Indian Dermatology Online Journal

THROUGH THE LENS
Year
: 2015  |  Volume : 6  |  Issue : 1  |  Page : 64--65

Chronic granulomatous disease


Kikkeri Narayanasetty Naveen1, Adagadde Venkataramana Pradeep2,  
1 Department of Dermatology, Sri Dharmasthala Manjunatheshwara College of Medical Sciences and Hospital, Dharwad, Karnataka, India
2 Department of Opthamology, Sri Dharmasthala Manjunatheshwara College of Medical Sciences and Hospital, Dharwad, Karnataka, India

Correspondence Address:
Dr. Kikkeri Narayanasetty Naveen
Department of Dermatology, No - 10, Skin OPD, Sri Dharmasthala Manjunatheshwara College of Medical Sciences and Hospital, Sattur, Dharwad - 580 009, Karnataka
India




How to cite this article:
Naveen KN, Pradeep AV. Chronic granulomatous disease.Indian Dermatol Online J 2015;6:64-65


How to cite this URL:
Naveen KN, Pradeep AV. Chronic granulomatous disease. Indian Dermatol Online J [serial online] 2015 [cited 2019 Aug 23 ];6:64-65
Available from: http://www.idoj.in/text.asp?2015/6/1/64/148957


Full Text

A 13-year-old boy presented with lesions around his eyes since two months. He had been having repeated episodes of similar lesions around eyes, mouth, and perianal region since eight months of age for which he was taking treatment at nearby hospitals. He had recurrent respiratory tract infections. He was born out of second-degree consanguineous marriage. There was no similar history in the family. A detailed physical examination revealed yellow granulomatous nodules and furuncles around the eyes, nose, and oral cavity [Figure 1]. There was growth retardation, but mental development was normal for his age. Acanthosis nigricans was present over both axillae. Postinflammatory hyperpigmentation was present throughout the body. Systemic examination did not reveal hepatosplenomegaly. Laboratory investigations such as complete hemogram and HIV status were within normal limits. Ophthalmic examination revealed 2 × 2 cm furuncle over the lateral canthi with purulent discharge and healed corneal ulcer with leukomatous corneal opacity. Left eye showed ankyloblepheron with lid edema [Figure 2]. Fundus examination was within normal limits. The features were suggestive of chronic granulomatous disease. Nitroblue tetrazolium test was not performed as it was unavailable. The patient was started on oral cotrimoxazole and itraconazole and is presently under follow up.{Figure 1}{Figure 2}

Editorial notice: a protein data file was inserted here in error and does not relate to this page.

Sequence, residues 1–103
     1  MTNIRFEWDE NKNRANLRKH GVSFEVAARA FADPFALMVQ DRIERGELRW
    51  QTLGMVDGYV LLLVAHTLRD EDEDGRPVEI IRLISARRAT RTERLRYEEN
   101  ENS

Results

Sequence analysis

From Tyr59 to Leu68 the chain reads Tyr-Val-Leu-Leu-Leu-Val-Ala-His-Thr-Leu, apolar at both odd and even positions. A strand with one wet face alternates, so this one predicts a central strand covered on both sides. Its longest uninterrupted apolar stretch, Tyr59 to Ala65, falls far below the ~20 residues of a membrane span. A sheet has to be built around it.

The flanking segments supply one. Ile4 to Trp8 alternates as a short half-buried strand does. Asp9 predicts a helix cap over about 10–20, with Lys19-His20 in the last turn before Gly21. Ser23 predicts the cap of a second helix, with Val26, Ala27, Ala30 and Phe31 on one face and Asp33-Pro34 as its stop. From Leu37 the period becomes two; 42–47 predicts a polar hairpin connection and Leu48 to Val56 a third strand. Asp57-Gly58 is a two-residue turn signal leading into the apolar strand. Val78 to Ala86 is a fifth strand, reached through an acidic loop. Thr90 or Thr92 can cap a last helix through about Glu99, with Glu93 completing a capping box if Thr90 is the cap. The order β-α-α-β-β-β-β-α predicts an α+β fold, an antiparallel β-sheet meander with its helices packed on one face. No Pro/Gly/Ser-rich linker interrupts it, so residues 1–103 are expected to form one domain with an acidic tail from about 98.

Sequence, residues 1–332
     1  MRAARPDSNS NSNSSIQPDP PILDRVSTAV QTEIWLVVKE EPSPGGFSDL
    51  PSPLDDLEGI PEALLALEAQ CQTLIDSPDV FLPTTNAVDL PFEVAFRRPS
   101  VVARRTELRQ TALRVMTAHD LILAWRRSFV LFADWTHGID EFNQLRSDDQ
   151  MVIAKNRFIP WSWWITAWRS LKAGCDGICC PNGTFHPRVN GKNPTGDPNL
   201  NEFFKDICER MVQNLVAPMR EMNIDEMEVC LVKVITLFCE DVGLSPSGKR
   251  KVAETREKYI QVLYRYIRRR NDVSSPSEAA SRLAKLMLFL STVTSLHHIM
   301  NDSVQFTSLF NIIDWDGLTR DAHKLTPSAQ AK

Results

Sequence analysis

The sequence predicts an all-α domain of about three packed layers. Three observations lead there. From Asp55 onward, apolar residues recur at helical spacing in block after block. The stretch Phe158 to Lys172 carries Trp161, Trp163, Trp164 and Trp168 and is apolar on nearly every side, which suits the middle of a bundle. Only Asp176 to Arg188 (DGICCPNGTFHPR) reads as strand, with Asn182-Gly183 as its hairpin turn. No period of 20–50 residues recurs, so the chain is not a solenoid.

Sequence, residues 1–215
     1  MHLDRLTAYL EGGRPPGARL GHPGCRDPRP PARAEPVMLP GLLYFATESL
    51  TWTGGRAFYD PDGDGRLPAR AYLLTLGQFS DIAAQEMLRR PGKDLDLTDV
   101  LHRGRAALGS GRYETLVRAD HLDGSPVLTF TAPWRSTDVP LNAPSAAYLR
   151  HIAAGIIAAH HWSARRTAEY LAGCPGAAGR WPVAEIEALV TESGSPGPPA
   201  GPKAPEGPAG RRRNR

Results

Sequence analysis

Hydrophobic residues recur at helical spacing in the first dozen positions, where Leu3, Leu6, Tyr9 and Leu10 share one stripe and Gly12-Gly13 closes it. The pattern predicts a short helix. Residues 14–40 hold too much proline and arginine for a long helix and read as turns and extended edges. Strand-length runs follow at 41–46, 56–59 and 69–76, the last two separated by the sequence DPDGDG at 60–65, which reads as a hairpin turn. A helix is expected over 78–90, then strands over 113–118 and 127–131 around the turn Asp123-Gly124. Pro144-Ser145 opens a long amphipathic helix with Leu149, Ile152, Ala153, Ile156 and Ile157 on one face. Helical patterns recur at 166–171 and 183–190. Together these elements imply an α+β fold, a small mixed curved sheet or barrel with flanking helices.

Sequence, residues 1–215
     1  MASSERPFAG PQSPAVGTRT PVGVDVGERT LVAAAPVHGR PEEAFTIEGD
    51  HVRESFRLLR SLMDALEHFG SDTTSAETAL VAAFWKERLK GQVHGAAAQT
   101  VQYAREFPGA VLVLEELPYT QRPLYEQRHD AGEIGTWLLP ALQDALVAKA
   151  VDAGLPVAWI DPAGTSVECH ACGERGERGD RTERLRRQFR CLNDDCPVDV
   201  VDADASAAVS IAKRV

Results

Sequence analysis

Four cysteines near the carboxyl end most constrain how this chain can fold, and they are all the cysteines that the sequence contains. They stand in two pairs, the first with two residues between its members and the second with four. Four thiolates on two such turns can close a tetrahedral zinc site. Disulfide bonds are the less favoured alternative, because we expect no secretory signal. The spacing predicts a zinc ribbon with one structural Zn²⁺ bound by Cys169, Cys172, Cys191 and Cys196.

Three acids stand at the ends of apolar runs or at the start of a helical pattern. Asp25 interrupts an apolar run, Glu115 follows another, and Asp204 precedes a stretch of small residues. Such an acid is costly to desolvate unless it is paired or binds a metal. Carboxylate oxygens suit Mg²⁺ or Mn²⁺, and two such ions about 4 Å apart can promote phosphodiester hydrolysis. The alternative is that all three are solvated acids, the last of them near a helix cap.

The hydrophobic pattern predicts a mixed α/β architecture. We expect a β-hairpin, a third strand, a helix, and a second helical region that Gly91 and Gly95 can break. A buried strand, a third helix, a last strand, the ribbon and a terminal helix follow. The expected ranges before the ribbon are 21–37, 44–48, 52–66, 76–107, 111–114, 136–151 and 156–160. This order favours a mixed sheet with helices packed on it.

Chronic granulomatous disease (CGD) is a congenital immunodeficiency disorder of phagocyte bactericidal function with X-linked recessive inheritance, characterized clinically by granulomatous lesions in the skin, lymph nodes, lung, liver, gastrointestinal tract, and bones. The main pathology in this disease is a defect in the subunits of nicotinamide adenine dinucleotide phosphate oxidase, whose normal functioning is essential for killing phagocytosed bacteria by neutrophils using the myeloperoxide-halide system. They develop recurrent bacterial infections by Staphylococcus aureus, Chromobacterium violaceum, Nocardia species, Serratia maresecens, legionella, and atypical mycobacteria. Fungal infection by aspergillus is also common. The nitroblue tetrazolium test is used to confirm CGD. [1]

The disease may become apparent in the first two years of life or may be delayed into the second decade of life. Neonatal pustulosis may be the initial manifestation. Impetiginized periorificial rash is highly characteristic and most commonly seen around the nostrils, ears, mouth, and eyes. Firm, translucent, papular lesions may be found around the eyes, nose, lips, and on the cheeks. Other frequent pyogenic infections include liver abscesses, osteomyelitis, arthritis, pneumonia, skin sepsis, and perianal abscesses. [2]

References

1Nair PS, Moorthy PK, Suprakasan S, Jayapalan S, Preethi K. Chronic granulomatous disease. Indian J Dermatol Venereol Leprol 2005;71:199-201.
2Paige DG, Gennery AR, Cant AJ. The neonate. In: Burns T, Breathnach S, Cox N, Griffiths C, editors. Rook's Textbook of Dermatology. Oxford: Wiley-Blackwell; 2010. p. 17.73-4.